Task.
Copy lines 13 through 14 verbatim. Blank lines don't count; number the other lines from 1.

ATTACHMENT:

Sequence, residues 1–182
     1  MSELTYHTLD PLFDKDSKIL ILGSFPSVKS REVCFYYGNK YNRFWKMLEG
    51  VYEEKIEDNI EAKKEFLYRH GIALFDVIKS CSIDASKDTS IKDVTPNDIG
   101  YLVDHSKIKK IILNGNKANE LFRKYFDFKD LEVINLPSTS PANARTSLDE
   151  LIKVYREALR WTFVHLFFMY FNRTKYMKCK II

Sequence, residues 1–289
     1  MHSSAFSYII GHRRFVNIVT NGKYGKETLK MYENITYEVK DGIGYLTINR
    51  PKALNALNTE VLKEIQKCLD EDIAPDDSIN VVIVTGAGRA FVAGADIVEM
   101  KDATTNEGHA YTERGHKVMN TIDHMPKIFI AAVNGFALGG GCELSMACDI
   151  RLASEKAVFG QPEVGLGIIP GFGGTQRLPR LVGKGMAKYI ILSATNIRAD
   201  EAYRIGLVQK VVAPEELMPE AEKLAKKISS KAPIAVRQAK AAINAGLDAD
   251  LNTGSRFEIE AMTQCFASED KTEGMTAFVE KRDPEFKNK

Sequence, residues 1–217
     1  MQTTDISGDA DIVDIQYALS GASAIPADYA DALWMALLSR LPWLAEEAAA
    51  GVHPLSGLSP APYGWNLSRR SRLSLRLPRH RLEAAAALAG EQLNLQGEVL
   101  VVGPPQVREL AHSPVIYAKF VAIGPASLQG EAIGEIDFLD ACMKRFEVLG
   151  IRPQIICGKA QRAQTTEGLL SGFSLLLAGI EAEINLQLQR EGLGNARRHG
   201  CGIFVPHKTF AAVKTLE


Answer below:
Sequence, residues 1–217
     1  MQTTDISGDA DIVDIQYALS GASAIPADYA DALWMALLSR LPWLAEEAAA